Contact the Royal Institution of Chartered Surveyors (RICS) and the Chartered Institute of Building’s (CIOB) Faculty for Architecture and Surveying for more details about surveying careers and accredited degree programmes.
You are likely to need a driving licence in this job to visit sites and clients.
Training and Development
You would be expected to continue your professional development by working towards chartered status. You can achieve this through the RICS or the Chartered Institute of Building’s (CIOB) Faculty for Architecture and Surveying.
With a RICS-accredited qualification, you can complete the RICS Assessment of Professional Competence (APC). This is a period of supervised practical training to build up your professional knowledge and skills. It can take between two and six years to pass the APC, which leads to chartered status.
The CIOB has a variety of routes to chartered membership of its organisation depending on your qualifications and experience. You would work through a Professional Development Programme (normally around three years) followed by a Professional Review.
You could also work towards relevant NVQs and diploma awards. The exact qualifications will depend on your job, but could include the following:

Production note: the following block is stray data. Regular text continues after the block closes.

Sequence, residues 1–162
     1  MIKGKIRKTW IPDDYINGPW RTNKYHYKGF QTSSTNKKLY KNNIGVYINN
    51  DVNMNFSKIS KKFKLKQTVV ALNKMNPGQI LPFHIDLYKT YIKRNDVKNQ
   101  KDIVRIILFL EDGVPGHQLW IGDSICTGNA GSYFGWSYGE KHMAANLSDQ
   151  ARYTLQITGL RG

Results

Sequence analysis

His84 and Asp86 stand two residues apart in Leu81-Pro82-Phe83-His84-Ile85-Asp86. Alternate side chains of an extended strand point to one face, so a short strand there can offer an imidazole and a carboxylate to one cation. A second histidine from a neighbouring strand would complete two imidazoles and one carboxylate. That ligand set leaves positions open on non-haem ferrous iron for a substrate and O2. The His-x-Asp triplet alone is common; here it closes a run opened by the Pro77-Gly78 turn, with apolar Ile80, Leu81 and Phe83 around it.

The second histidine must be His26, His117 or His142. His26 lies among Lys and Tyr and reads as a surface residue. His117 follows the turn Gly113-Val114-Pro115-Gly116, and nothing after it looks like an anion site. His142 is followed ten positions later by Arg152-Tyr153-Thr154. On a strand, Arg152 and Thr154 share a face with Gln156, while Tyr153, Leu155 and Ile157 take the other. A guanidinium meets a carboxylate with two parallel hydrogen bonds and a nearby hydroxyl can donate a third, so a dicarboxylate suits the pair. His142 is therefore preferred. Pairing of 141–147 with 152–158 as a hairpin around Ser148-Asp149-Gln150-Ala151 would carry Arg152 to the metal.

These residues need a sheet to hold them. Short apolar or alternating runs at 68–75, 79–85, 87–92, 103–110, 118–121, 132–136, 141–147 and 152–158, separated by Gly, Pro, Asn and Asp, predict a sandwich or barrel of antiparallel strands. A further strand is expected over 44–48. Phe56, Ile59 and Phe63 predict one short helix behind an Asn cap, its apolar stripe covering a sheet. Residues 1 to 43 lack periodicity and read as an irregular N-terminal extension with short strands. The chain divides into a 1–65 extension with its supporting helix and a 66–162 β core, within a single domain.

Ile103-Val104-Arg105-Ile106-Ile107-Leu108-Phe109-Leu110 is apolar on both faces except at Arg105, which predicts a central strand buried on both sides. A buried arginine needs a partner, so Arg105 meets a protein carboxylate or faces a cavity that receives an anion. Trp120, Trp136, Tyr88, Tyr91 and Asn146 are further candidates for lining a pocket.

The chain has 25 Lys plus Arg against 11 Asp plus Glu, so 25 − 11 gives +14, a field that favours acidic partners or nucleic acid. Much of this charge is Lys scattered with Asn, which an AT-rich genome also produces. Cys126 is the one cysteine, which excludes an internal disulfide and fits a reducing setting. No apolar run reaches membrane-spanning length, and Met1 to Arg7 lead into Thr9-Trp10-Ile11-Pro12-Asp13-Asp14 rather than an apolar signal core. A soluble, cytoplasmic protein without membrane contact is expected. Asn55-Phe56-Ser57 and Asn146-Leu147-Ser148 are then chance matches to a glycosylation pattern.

Surveying, Property and Maintenance Levels 3 and 4
Built Environment Development and Control Level 4.
Skills and Knowledge
good problem-solving skills
a working knowledge of surveying technology, IT and computer aided design
the ability to work to a high degree of accuracy
the ability to interpret data
strong communication, negotiation and presentation skills
the ability to prioritise and plan effectively
an understanding of the client’s business needs
a commitment to continuing professional development
the ability to work as part of a team
a comprehensive knowledge of Building Regulations
an understanding of planning legislation, and health and safety.
Language skills may be useful if you want to work overseas or for a company with international clients.
You can find jobs with local authorities, construction and engineering firms, building conservation bodies and specialist surveying practices.
Your progression options include project or senior management, partnership in private practice, self-employment as a consultant, or working in related fields, for example building control. For more details about this role, see the profile for Building Control Officer.
You may find the following useful for job vacancies and general reading: (links open in a new window)
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Industrial Rope Access Trade Association (IRATA)
Ganders Business Park
Tel: 01420 471619
Royal Institution of Chartered Surveyors (RICS)
Tel: 0870 333 1600
College of Estate Management
Tel: 0800 019 9697
2 The Courtyard
48 New North Road
Helpline: 08000 567160
Chartered Institute of Building
Tel: 01344 630700